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Carolinas primary carriers: reinsurance relationships

Munich Re, Swiss Re and Lloyd’s are the main reinsurers for the market share leaders in North Carolina and South Carolina, where Hurricane Florence struck at the end of last week.

State Farm, USAA, Nationwide and Allstate are the leading primary carriers in the Carolinas in terms of cat-exposed lines of business such as allied lines, commercial auto, commercial multi-peril (non-liability), farmowners’ multi-peril, federal flood, fire and homeowners’ multi-peril, according to 2017 data from S&P Global.

Although the market is increasingly sceptical that Florence will have a material impact on reinsurers, the hurricane’s damages still have potential to cause at least some earnings erosion for carriers.

Of course, this will depend on individual treaties and their attachment points. Furthermore, schedule F data is not limited to catastrophe-only business, so serves as only a very broad proxy for potential exposure.

While the industry consensus is that insured losses from the storm will be well under $10bn, modelling companies have disclosed diverging estimates.

CoreLogic previously predicted between $3bn and $5bn in insured wind and storm-surge losses while more recently Karen Clark & Company estimated insured claims of $2.5bn, excluding losses taken by the National Flood Insurance Program.

Given the market shares and attachment points of the main primary carriers in the Carolinas, back-of-the-envelope calculations suggest an industry loss in excess of $6bn-$8bn could result in reinsurance covers being triggered.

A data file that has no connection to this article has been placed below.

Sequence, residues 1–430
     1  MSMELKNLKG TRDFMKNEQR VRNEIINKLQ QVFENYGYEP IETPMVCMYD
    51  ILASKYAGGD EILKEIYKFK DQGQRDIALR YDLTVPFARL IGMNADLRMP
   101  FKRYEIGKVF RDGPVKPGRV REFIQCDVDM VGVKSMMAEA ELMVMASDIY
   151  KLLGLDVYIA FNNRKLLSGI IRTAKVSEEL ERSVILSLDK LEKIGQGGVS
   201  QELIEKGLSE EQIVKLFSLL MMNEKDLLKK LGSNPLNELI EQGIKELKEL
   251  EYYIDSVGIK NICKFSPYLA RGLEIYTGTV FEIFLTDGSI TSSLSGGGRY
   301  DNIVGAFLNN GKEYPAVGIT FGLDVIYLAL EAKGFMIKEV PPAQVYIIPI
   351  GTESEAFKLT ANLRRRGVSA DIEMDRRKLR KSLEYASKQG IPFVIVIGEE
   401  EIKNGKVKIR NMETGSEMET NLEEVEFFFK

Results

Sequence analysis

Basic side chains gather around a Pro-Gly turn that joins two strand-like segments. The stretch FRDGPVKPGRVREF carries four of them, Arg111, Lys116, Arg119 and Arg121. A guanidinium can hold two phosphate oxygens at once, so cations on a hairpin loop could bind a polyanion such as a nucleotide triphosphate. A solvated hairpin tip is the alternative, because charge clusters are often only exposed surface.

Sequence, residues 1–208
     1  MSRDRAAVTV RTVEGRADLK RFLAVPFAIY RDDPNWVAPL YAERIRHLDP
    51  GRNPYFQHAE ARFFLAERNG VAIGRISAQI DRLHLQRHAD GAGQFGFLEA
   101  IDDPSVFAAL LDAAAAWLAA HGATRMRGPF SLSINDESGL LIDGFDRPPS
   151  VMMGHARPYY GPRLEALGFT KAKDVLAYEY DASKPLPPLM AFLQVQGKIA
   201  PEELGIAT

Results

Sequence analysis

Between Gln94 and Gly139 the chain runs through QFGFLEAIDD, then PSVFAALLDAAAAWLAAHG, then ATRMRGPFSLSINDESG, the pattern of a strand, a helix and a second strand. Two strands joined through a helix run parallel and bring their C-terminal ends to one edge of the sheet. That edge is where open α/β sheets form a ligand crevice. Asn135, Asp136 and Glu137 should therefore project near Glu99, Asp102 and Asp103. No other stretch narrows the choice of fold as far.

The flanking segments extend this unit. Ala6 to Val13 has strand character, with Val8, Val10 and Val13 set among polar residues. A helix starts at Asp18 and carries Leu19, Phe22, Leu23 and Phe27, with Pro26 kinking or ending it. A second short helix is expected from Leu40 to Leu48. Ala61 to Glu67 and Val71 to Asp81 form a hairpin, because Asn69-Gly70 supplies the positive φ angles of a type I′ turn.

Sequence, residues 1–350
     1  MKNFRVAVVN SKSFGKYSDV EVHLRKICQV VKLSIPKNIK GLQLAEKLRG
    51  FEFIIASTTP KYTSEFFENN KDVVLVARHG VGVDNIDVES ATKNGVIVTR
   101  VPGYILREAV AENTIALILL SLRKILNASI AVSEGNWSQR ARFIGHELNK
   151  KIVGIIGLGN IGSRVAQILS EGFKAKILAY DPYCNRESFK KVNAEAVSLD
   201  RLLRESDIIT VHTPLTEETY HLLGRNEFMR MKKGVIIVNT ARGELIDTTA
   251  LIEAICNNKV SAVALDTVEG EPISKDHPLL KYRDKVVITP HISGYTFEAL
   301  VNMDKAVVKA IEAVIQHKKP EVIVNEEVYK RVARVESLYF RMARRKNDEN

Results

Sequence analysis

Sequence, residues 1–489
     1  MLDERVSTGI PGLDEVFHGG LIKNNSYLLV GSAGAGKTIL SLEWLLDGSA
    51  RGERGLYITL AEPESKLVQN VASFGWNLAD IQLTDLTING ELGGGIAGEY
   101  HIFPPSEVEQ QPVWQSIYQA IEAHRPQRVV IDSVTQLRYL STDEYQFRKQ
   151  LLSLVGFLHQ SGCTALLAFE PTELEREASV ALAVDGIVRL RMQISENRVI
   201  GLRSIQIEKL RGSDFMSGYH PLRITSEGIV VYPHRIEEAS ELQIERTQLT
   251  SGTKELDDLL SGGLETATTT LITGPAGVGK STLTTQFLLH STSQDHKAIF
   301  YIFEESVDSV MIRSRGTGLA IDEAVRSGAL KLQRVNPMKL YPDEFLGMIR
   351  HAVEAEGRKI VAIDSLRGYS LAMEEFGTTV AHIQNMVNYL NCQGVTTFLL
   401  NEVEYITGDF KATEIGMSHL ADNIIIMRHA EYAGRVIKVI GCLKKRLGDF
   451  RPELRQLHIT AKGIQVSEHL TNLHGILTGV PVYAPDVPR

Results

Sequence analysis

For example, a simple extrapolation of gross losses based on state-wide market share suggests this would be the case for USAA, Nationwide, Allstate, Liberty Mutual and North Carolina Farm Bureau Insurance.  

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Unsurprisingly, Munich Re and Swiss Re have the largest number of relationships with the nationwide insurers that have the biggest presence in the area and are also their main reinsurance providers at group level. However, nationwide carriers typically have higher retention points so their covers are less likely to trigger.

According to 2017 schedule F data, Munich Re was State Farm’s main reinsurer, assuming 14.0 percent of the mutual’s total ceded premiums at group level. State Farm is the primary leader in the two states, writing 13.4 percent of premiums in lines of business that could be exposed to losses from the storm.

Nationwide’s largest reinsurer was HDI, which assumed 32.5 percent of the carrier’s ceded premiums in 2017. Nationwide has a $500mn attachment point for a southeast occurrence and also for its national occurrence tower. Extrapolating from its market share, the carrier’s reinsurance cover would kick in at an industry loss of over $6bn.

Swiss Re and Everest Re are also among Nationwide’s largest reinsurers but they take on a much smaller proportion of the insurer’s premiums, each assuming less than 10 percent of total ceded business.

Allstate’s national cat programme attaches at $500mn, which means it could be triggered in the case of a $7.5bn industry loss (assuming a share of loss in proportion to its state-wide market share). Its largest reinsurers include Swiss Re, RenaissanceRe and Lloyd’s.

Of course, individual companies may have more or less exposure than their market share of state-wide premiums show based on geographic dispersion within the state, as well as other factors like underwriting standards and risk controls.

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